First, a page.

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Is Educational Development (NASDAQ:EDUC) Using Too Much Debt?

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Simply Wall St
·4 min read
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Legendary fund manager Li Lu (who Charlie Munger backed) once said, 'The biggest investment risk is not the volatility of prices, but whether you will suffer a permanent loss of capital.' When we think about how risky a company is, we always like to look at its use of debt, since debt overload can lead to ruin. We can see that Educational Development Corporation (NASDAQ:EDUC) does use debt in its business. But the real question is whether this debt is making the company risky.

Why Does Debt Bring Risk?

Debt and other liabilities become risky for a business when it cannot easily fulfill those obligations, either with free cash flow or by raising capital at an attractive price. Ultimately, if the company can't fulfill its legal obligations to repay debt, shareholders could walk away with nothing. However, a more usual (but still expensive) situation is where a company must dilute shareholders at a cheap share price simply to get debt under control. Of course, plenty of companies use debt to fund growth, without any negative consequences. When we think about a company's use of debt, we first look at cash and debt together.

View our latest analysis for Educational Development

How Much Debt Does Educational Development Carry?

The image below, which you can click on for greater detail, shows that Educational Development had debt of US$11.2m at the end of August 2020, a reduction from US$20.4m over a year. However, its balance sheet shows it holds US$22.6m in cash, so it actually has US$11.4m net cash.

debt-equity-history-analysis
debt-equity-history-analysis

A Look At Educational Development's Liabilities

Zooming in on the latest balance sheet data, we can see that Educational Development had liabilities of US$37.9m due within 12 months and liabilities of US$11.7m due beyond that. On the other hand, it had cash of US$22.6m and US$3.27m worth of receivables due within a year. So its liabilities outweigh the sum of its cash and (near-term) receivables by US$23.7m.

Given Educational Development has a market capitalization of US$138.3m, it's hard to believe these liabilities pose much threat. Having said that, it's clear that we should continue to monitor its balance sheet, lest it change for the worse. While it does have liabilities worth noting, Educational Development also has more cash than debt, so we're pretty confident it can manage its debt safely.

In addition to that, we're happy to report that Educational Development has boosted its EBIT by 67%, thus reducing the spectre of future debt repayments. There's no doubt that we learn most about debt from the balance sheet. But it is Educational Development's earnings that will influence how the balance sheet holds up in the future. So if you're keen to discover more about its earnings, it might be worth checking out this graph of its long term earnings trend.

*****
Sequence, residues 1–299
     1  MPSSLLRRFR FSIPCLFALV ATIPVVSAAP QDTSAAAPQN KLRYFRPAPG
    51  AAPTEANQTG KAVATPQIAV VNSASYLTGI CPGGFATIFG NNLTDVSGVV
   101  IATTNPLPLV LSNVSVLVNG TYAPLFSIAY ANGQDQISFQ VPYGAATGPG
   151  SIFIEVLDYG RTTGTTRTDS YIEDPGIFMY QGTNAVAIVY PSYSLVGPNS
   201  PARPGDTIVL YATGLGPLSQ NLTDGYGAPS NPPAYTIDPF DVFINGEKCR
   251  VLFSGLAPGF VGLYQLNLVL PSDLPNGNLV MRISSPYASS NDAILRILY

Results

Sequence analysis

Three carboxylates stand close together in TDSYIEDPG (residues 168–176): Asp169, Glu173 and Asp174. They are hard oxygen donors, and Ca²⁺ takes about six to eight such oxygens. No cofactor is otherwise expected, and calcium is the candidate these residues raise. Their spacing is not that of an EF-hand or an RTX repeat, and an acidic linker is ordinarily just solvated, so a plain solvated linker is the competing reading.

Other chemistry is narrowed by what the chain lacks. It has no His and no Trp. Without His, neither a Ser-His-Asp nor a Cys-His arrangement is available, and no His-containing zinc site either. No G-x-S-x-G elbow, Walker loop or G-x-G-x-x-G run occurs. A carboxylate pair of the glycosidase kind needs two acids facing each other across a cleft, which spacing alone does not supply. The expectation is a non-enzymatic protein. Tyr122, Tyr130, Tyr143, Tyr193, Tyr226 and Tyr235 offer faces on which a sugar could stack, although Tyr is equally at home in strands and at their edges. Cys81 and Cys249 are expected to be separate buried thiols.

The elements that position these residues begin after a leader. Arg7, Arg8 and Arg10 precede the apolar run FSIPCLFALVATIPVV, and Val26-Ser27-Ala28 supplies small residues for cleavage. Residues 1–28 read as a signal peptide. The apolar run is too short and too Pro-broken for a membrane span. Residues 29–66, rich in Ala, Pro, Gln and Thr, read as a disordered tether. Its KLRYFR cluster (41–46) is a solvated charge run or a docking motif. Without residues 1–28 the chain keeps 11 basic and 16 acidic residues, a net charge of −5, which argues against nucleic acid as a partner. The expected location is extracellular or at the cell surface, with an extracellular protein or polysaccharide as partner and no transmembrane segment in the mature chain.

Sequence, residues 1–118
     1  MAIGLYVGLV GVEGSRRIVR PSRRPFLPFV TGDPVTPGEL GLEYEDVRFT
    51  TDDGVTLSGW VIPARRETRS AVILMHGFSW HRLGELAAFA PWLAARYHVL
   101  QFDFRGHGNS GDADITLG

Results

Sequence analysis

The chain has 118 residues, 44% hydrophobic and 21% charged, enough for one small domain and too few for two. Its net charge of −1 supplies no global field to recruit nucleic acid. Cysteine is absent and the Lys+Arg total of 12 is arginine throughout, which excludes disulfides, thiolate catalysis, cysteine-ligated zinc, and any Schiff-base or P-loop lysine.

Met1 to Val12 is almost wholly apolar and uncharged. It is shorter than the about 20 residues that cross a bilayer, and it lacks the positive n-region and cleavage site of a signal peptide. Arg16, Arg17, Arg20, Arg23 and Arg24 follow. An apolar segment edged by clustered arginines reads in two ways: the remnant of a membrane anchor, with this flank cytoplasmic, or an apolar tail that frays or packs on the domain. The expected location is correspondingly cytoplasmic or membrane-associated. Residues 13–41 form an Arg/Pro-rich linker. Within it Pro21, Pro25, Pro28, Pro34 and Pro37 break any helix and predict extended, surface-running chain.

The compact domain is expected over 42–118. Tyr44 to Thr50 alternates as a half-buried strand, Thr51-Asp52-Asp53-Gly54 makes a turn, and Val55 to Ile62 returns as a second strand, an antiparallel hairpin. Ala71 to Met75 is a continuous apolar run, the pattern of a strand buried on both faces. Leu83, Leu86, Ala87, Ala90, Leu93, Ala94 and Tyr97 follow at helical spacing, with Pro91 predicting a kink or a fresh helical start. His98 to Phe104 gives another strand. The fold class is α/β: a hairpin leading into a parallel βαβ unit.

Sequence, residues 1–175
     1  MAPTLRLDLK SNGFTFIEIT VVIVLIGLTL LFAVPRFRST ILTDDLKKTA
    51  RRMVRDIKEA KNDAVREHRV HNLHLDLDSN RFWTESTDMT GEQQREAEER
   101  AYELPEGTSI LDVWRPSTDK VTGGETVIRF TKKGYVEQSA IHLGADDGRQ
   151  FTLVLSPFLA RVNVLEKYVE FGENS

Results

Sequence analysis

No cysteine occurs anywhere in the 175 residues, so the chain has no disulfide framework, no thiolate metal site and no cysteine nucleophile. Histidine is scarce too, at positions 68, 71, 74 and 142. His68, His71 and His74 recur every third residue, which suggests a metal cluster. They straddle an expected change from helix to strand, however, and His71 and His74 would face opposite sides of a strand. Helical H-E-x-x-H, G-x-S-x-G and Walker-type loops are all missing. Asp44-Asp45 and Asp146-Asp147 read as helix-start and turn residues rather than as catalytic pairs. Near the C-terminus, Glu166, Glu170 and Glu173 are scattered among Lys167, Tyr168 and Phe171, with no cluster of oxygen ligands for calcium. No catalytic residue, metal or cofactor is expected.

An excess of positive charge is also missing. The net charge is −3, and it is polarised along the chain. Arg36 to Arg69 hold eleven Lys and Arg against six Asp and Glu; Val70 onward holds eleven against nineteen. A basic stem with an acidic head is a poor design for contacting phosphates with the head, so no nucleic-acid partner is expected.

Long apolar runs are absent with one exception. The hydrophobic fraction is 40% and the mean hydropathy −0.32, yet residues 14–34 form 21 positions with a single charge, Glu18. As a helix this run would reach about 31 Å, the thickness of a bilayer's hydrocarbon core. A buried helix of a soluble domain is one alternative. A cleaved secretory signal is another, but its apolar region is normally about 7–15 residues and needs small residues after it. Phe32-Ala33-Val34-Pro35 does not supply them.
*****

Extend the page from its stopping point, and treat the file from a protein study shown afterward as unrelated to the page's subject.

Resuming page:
Finally, a company can only pay off debt with cold hard cash, not accounting profits. While Educational Development has net cash on its balance sheet, it's still worth taking a look at its ability to convert earnings before interest and tax (EBIT) to free cash flow, to help us understand how quickly it is building (or eroding) that cash balance. Happily for any shareholders, Educational Development actually produced more free cash flow than EBIT over the last three years. There's nothing better than incoming cash when it comes to staying in your lenders' good graces.

Summing up

Although Educational Development's balance sheet isn't particularly strong, due to the total liabilities, it is clearly positive to see that it has net cash of US$11.4m. And it impressed us with free cash flow of US$33m, being 162% of its EBIT. So we don't think Educational Development's use of debt is risky. When analysing debt levels, the balance sheet is the obvious place to start. However, not all investment risk resides within the balance sheet - far from it. Case in point: We've spotted 1 warning sign for Educational Development you should be aware of.

At the end of the day, it's often better to focus on companies that are free from net debt. You can access our special list of such companies (all with a track record of profit growth). It's free.

This article by Simply Wall St is general in nature. It does not constitute a recommendation to buy or sell any stock, and does not take account of your objectives, or your financial situation. We aim to bring you long-term focused analysis driven by fundamental data. Note that our analysis may not factor in the latest price-sensitive company announcements or qualitative material. Simply Wall St has no position in any stocks mentioned.

Have feedback on this article? Concerned about the content? Get in touch with us directly. Alternatively, email editorial-team (at) simplywallst.com.